Cloud survey shows good news for Microsoft

A survey showing trends in cloud adoption found Microsoft customers showing some brand loyalty.

A new survey shows that, of the companies and organizations that started up in the last two years, 61% have begun their operations in the cloud. Another 59% of IT professionals say the cloud has changed the structure and responsibilities of their team in the past year.

In its 2016 State of Cloud IT report, cloud app services vendor BetterCloud surveyed 1,500 IT professionals and culled through a number of industry reports from Gartner, PwC, Google, and Microsoft.

The report also shows some interesting facts concerning the path companies have taken in moving to the cloud. Forty-nine percent of Google Apps customers came from Exchange, while 35% had no previous platform.

But of Office 365 users, 70% came from Exchange while just 13% came from Google Apps, which shows some pretty strong hooks and/or brand loyalty to Microsoft products. Microsoft customers have been in business for a median length of 30 years (compared to 20 years for Google customers), had an employee median count of 600 vs. 120 for the Google customers, and 15 IT people vs. 3 for Google customers.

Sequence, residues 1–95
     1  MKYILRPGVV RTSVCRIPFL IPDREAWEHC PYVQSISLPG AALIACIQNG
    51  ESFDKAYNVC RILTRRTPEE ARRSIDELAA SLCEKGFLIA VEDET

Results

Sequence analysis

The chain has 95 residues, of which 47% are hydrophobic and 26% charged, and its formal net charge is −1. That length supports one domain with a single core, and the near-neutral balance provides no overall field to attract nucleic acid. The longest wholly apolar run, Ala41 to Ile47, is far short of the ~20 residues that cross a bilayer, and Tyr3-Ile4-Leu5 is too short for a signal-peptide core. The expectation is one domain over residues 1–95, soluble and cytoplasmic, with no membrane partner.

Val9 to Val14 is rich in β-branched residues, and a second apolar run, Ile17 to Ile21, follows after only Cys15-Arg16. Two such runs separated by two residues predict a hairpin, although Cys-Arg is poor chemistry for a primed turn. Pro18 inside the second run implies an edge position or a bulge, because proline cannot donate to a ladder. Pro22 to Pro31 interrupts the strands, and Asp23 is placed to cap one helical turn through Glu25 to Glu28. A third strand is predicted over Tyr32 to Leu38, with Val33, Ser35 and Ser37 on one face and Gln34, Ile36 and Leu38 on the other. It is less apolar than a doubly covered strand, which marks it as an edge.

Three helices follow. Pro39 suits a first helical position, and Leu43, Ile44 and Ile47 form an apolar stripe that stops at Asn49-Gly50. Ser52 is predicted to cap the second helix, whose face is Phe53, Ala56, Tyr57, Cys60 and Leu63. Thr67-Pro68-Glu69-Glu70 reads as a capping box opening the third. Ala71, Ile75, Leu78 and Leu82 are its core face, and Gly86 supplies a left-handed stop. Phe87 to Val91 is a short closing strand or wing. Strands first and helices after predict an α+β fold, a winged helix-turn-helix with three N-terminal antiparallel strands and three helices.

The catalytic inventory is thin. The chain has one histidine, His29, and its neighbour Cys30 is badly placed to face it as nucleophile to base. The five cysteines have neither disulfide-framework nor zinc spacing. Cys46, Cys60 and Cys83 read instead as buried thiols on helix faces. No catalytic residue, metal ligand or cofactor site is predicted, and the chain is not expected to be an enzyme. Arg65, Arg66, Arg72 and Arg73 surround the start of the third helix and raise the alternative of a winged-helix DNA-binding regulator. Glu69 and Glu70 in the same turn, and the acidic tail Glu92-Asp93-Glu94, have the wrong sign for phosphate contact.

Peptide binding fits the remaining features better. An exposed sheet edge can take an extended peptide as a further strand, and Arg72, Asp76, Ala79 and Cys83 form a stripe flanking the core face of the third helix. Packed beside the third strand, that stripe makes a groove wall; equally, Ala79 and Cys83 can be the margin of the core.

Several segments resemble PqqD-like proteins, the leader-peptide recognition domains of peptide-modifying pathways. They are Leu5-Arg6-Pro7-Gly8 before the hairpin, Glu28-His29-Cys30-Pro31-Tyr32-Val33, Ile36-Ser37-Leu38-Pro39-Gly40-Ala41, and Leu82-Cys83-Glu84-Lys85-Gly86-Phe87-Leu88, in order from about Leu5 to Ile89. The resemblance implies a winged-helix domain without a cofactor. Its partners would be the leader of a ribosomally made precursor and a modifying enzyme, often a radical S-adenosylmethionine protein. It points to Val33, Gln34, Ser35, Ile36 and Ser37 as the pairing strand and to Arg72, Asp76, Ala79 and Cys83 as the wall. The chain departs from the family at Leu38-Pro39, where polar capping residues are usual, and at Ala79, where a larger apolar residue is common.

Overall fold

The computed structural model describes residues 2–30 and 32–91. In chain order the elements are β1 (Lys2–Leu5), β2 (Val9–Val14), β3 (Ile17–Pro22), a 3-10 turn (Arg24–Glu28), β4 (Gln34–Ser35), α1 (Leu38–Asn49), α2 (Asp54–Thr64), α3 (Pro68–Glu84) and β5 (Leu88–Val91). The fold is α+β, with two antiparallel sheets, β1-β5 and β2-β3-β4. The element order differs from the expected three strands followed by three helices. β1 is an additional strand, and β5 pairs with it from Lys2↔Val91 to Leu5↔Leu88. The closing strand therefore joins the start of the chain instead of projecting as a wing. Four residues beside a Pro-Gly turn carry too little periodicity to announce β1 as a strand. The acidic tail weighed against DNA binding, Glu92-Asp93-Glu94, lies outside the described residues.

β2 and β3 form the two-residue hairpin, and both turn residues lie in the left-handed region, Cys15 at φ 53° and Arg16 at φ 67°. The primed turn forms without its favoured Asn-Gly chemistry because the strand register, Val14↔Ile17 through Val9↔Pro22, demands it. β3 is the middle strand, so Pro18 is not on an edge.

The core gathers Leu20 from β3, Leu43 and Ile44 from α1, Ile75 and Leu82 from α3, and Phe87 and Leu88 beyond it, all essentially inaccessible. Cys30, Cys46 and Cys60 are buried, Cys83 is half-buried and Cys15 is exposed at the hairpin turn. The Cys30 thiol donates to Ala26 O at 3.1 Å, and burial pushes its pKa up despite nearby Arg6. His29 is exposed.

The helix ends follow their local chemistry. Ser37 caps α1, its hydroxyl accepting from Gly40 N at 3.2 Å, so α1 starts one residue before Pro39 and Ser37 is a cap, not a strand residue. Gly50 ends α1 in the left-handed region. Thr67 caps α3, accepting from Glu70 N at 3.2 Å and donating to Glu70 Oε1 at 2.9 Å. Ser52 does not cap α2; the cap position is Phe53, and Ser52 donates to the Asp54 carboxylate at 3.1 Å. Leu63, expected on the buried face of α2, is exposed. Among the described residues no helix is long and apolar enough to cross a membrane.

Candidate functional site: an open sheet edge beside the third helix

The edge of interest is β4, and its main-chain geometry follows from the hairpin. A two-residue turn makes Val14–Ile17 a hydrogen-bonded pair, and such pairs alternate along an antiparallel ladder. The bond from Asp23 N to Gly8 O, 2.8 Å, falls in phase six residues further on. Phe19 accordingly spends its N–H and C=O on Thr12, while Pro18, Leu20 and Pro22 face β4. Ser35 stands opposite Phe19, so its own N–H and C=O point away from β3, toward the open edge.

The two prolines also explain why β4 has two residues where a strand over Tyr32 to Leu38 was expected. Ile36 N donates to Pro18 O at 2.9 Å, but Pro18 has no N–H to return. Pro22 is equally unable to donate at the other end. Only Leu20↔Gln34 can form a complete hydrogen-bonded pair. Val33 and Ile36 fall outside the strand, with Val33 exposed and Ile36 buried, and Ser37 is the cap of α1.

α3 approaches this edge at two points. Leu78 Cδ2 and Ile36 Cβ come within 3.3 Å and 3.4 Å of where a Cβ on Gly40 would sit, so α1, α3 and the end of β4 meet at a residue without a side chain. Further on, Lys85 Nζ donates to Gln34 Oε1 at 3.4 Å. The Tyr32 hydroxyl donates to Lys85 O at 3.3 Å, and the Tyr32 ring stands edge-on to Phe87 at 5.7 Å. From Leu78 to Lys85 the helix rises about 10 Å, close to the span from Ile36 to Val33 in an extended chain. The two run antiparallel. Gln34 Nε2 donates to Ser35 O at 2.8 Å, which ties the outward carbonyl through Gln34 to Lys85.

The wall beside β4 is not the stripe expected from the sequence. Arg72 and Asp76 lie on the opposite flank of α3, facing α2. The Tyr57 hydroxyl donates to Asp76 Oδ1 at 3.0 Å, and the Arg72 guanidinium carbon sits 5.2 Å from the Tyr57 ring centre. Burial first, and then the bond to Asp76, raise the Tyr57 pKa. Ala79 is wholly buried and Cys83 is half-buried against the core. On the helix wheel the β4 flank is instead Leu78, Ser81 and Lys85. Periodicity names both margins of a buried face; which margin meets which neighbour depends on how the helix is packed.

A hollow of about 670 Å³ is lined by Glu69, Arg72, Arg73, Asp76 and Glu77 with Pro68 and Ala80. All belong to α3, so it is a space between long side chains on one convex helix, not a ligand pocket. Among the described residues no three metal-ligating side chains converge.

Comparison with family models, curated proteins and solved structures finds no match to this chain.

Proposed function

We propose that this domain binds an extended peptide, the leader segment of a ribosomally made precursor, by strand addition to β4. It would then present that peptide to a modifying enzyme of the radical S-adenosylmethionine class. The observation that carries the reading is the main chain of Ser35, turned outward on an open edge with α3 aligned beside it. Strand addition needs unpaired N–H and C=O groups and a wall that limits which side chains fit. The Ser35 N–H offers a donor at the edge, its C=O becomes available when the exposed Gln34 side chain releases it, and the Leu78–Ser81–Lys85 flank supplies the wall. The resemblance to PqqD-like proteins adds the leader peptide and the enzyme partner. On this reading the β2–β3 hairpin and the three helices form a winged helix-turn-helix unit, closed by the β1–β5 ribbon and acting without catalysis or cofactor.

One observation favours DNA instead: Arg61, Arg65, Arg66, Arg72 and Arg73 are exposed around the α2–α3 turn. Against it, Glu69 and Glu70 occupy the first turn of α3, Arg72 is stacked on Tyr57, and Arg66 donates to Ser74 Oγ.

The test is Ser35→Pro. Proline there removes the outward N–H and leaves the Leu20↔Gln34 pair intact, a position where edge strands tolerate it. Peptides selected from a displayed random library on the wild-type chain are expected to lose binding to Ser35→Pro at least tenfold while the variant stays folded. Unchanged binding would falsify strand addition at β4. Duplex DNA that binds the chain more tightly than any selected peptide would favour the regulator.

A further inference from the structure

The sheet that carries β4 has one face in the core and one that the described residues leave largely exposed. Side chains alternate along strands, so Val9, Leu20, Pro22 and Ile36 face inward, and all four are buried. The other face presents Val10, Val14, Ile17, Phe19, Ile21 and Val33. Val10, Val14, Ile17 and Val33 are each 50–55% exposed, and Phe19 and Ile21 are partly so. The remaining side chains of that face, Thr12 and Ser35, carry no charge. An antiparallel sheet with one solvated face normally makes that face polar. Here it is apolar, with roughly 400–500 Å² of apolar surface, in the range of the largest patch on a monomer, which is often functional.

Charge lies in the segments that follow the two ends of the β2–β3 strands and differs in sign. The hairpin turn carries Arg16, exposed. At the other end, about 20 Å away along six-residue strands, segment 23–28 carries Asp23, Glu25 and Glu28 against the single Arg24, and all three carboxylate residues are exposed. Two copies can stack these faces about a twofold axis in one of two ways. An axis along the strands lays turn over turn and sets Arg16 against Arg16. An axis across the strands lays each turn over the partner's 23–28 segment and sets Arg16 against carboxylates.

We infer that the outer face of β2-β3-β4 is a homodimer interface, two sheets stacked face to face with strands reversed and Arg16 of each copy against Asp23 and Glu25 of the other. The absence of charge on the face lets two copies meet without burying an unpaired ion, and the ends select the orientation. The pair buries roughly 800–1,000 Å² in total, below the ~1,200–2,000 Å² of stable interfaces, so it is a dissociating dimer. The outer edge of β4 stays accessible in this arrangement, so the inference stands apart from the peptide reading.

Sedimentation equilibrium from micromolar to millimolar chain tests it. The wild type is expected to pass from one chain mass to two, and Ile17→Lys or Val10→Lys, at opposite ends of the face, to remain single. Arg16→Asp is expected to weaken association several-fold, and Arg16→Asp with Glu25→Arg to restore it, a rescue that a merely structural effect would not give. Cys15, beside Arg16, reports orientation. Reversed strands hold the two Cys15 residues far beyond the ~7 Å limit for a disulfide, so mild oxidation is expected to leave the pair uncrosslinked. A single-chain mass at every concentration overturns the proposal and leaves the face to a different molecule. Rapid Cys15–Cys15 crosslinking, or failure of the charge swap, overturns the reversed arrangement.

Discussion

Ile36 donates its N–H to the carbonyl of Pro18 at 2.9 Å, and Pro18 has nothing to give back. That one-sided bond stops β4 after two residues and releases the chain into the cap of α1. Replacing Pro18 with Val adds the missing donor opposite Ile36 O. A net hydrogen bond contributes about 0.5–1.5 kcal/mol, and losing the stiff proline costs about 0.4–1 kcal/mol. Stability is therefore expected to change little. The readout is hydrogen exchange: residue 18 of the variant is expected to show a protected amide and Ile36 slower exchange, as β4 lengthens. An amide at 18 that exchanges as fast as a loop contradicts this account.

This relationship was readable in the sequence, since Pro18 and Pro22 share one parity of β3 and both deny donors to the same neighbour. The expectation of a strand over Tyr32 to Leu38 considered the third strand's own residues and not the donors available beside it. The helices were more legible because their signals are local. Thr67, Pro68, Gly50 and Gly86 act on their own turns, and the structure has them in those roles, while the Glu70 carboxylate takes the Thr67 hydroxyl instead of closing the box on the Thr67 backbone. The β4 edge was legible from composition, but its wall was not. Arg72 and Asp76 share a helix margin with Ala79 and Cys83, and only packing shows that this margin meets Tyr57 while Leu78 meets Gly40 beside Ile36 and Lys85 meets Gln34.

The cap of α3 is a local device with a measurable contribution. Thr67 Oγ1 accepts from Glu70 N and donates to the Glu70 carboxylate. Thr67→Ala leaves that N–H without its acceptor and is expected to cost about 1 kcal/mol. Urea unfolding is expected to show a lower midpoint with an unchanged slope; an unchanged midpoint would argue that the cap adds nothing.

So what the report shows is newer, younger companies are increasingly starting up with little to no on-premises infrastructure, while existing firms are also making the move but sticking with the vendor they know. That's good news for Microsoft. Oftentimes, when there is a major paradigm shift, the old vendor is left behind because it failed to adapt. It's how Microsoft ate IBM's lunch in the 1980s.

But Microsoft didn't just stick to what it knew. Steve Ballmer started the process of embracing the cloud, and Satya Nadella is accelerating it, keeping Microsoft from becoming another relic that failed to adapt.

The survey found partners are increasingly affecting and impacting the shift to the cloud, with 92% of SMBs expressing satisfaction working with a cloud partner vs. 89% saying they were satisfied working without a partner. With enterprises, there is a much wider gulf, with 82% saying they were satisfied working with a cloud partner while only 60% were satisfied working without one.

It also asked when enterprises would expect to run 100% of their IT services in the cloud with the aid of a partner. At present, the percentage is zero, but that will grow to 16% by 2020 and 48% by 2025. SMBs are moving faster, with 49% stating that they expect to have all of their systems in the cloud by 2020 and 69% expecting to be cloud-only by 2025.

For now, though, the hybrid approach is dominant, with 62% of Office 365 customers taking the hybrid approach vs 38% going pure cloud play. The report did not give similar stats for Google customers; rather, it said 67% deployed Google for Work all at once while 33% did it in phases. It did not offer similar deployment stats for Office 365 users.

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